Ric Flair defended the NWA World Heavyweight title every night of the tour and lost the belt to Dusty Rhodes before a 15,000 person sellout at the Greensboro Coliseum. But the real story of the tour was the best-of-seven series for the vacant United States Title between Magnum TA and Nikita Koloff. The previous year, Magnum exploded onto the scene with a star-making performance against Tully Blanchard at Starrcade 85. Booker Dusty Rhodes positioned Magnum as Crockett’s answer to Hulk Hogan. He had a rough and tumble energy that captured the hearts of fans. Going down 0-3, TA valiantly battled back before securing the final win in front of a dynamic crowd who physically embrace their battered hero after winning the title. Watching Magnum with the crowd, it’s not hard to see what Crocket was trying to do. Though the Bash had a few bumps, the tour was remarkably successful, helping JCP earn more than $21 million in 1986.

While Crockett carried across the south, the WWF built the biggest drawing feud of the Hogan era. Orndorff had grown tired of the chastising from Heenan and Adonis. During an episode of The Flower Shop, Orndorff called Hulk Hogan, asking for the champ’s help in a tag team match against Heenan Family associates, King Kong Bundy and Big John Studd. Hogan refuses to take his friend’s call because he was busy in the gym and embarrassed Orndorff. The two did team up to face Studd and Bundy, but Orndorff turned his back on Hogan and rejoined the Heenan Family during the match.

The ensuing feud becomes one of, if not the most, financially successful of the era. Hogan and Orndorff is such a smash at the box office that the WWF hosts a stadium show of their own. The Big Event is held on August 28th at Toronto’s Exhibition Stadium with Hogan and Orndorff in the main event. Roberts and Steamboat’s bitter rivalry also boils over at The Big Event. The show draws over 61,000 fans, becoming the precursor to Summerslam. The match ends in a weak DQ finish, but the feud continued through the fall of 86 and crept into the beginning of 1987. The Hogan/Orndorf rivalry doesn’t get the recognition it deserves because it wasn’t a Mania match but deserves an article of its own.

Studd and Bundy teamed on the Big Event to face a masked team allegedly from Japan. Called The Machines, the masked duo of Big Machine (Blackjack Mulligan), Super Machine (Masked Superstar aka Demolition Axe), and Giant Machine (Andre the Giant) showed up after Andre was kayfabe suspended. The suspension allowed him to have some time off to heal from a back injury and film The Princess Bride. This was the WWF’s first attempt to do the Midnight Rider angle where everyone knows who’s under the mask but pretends not to, annoying the heel. The Machines would add Piper Machine and Hulk Machine for various house show matches. The angle fizzled in late-86, and Heenan openly advocated for allowing the Giant to return from suspension.

On the subject of WWF television, in the fall of 86, the top two WWF programs, Championship and All Star Wrestling, were redubbed WWF Superstars of Wrestling (later Superstars) and Wrestling Challenge. The main cable program Tuesday Night Titans faded. The focus shifted toward the Monday evening Prime Time Wrestling, which would eventually evolve into Raw. With the changes in television, the programs moved toward their Mania III focus. As Roberts and Steamboat end their feud, the Dragon becomes focused on defeating Savage for the Intercontinental title. Savage, who’s held the championship for over a year, decides to crush Steamboat’s throat with a ring bell, and for the second time in a year, the Dragon is hauled away on a stretcher.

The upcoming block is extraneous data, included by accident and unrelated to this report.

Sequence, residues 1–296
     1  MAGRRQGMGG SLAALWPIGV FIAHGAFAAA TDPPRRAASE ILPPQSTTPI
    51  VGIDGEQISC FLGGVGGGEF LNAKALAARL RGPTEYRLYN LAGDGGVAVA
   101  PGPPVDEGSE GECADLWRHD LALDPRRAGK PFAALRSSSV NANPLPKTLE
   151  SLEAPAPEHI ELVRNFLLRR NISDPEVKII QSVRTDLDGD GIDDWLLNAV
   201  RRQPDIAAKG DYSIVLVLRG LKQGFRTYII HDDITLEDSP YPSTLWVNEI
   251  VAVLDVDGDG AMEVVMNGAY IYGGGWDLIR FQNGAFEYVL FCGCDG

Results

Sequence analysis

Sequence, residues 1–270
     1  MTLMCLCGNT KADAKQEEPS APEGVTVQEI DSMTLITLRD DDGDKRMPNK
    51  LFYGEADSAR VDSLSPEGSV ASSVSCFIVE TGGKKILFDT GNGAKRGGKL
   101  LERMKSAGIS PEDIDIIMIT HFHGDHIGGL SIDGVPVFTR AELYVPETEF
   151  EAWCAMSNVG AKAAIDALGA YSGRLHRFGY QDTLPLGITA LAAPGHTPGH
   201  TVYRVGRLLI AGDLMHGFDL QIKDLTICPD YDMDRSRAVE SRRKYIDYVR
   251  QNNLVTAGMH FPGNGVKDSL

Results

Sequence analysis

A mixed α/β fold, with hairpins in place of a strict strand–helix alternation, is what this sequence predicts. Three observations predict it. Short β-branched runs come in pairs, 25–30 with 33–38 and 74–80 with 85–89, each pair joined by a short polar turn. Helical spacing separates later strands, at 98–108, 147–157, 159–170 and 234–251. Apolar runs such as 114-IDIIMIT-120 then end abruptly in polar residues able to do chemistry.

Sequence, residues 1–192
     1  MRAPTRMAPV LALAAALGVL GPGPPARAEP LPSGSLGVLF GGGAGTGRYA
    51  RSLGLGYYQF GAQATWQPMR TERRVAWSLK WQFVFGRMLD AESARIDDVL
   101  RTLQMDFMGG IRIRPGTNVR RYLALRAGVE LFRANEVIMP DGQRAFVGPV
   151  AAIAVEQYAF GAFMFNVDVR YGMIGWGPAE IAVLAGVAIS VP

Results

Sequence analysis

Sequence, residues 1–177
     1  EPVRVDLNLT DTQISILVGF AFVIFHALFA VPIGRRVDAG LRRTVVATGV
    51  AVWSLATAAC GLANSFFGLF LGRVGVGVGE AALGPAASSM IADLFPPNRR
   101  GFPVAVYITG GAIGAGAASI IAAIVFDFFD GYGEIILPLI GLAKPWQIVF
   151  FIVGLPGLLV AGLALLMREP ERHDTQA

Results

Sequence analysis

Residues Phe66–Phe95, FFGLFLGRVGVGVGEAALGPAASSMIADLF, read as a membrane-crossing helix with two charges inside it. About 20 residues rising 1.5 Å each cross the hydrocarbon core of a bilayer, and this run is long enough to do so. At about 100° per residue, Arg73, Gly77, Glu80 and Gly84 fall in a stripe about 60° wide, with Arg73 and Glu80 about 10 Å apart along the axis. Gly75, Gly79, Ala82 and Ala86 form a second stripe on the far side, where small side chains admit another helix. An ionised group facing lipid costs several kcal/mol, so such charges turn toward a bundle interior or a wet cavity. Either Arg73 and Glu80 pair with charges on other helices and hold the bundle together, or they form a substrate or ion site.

Meanwhile, Roberts became a heel to cool to boo. The Snake was to have a run with Hogan for the title, but McMahon pulled the plug after an encounter between the two on the Snake Pit ends with Roberts getting cheers. Instead, the cool heel is programmed with a babyface that even WWF crowds couldn’t stand, The Honkytonk Man. In masterful double turn, Honky crushes Roberts’ skull with a Fender acoustic guitar. The players shifted, and the board was set for 1987.

Crockett’s plans for Starrcade 86 upended after a car accident ended the career of Magnum TA. The company shifted the red hot Nikita Koloff into the role, and while the show drew well, Koloff wasn’t Magnum TA. In some ways, the promotion never recovered from the loss of Terry Allen. As 1986 rolled into 1987, Crockett began a series of critical mistakes that would eventually destroy the company.

When Roddy Piper returned to WWF TV in the summer of 86, he immediately targeted Adonis and his Flower Shop. The two were able to keep their long-running rivalry interesting through the fall and winter. As the card for Wrestlemania III took shape, Piper announced this show would be his last. Hollywood came calling for the Rowdy One. After his first retirement, Piper landed roles in the cult classics Hell Comes to Frogtown and John Carpenter’s seminal sci-fi classic They Live. But first, Piper needed to silence Adorable Adrian Adonis.

Roddy Piper film posters

The Hogan/Orndorff feud ended with a classic steel cage match on the January Saturday Night’s Main Event. The following week, a returning Andre was awarded a trophy for being undefeated for fifteen years. Then, Hogan is given a much larger trophy for holding the WWF title for three years. In probably the best acting of the Giant’s career, Andre shows subtle dissatisfaction with the awards and walks out of Piper’s Pit.

The following week, Jesse Ventura and Piper argue on behalf of two, wondering why Andre shouldn’t have a title match himself. Ventura promises to bring the Giant back to the Pit the following week if Piper can secure Hogan. Finally, the two meet again, but this time Andre is accompanied by Heenan. In this famous moment, the Giant rips Hogan’s crucifix necklace and challenges him for the belt. It’s some of the best storytelling the company has ever done.

Mania III was a massive event at the Pontiac Silverdome in suburban Detroit. With a card featuring Steamboat and Savage, Roberts and Honkytonk, and of course, the epic main event. After the overabundance of celebrities at Mania 2, this time it’s streamlined. Entertainment Tonight’s Mary Hart and Baseball great Bob Uecker do more than enough.

The devilish Alice Cooper is a perfect foil to Jimmy Hart while corning Roberts. Missing from the show was Orndorff, who desperately needed time off for a herniated disc in his neck. The company also worried that Andre himself might not be ready to go for Mania. The company kept Orndorff on standby in case the Giant’s back wasn’t healthy enough to compete.

In the end, 93,000 (or 78,000 depending on who you listen to) fill the Silverdome. Finally, the WWF found the right mix of celebrities and storytelling that helped define Wrestlemania as what’s still considered the largest spectacle on the wrestling calendar.